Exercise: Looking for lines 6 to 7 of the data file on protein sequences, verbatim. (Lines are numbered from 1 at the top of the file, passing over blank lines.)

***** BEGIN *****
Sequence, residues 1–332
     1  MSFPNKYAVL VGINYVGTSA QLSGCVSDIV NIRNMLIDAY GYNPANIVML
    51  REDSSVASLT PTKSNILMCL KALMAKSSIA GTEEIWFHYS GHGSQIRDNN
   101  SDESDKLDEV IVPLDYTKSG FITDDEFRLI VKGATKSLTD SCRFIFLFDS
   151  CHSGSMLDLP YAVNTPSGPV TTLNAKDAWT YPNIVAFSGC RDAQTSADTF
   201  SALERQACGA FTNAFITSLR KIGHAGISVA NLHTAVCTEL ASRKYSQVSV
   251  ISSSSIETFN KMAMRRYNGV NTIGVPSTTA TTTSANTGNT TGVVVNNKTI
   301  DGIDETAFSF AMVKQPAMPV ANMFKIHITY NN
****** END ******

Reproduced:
   201  SALERQACGA FTNAFITSLR KIGHAGISVA NLHTAVCTEL ASRKYSQVSV
   251  ISSSSIETFN KMAMRRYNGV NTIGVPSTTA TTTSANTGNT TGVVVNNKTI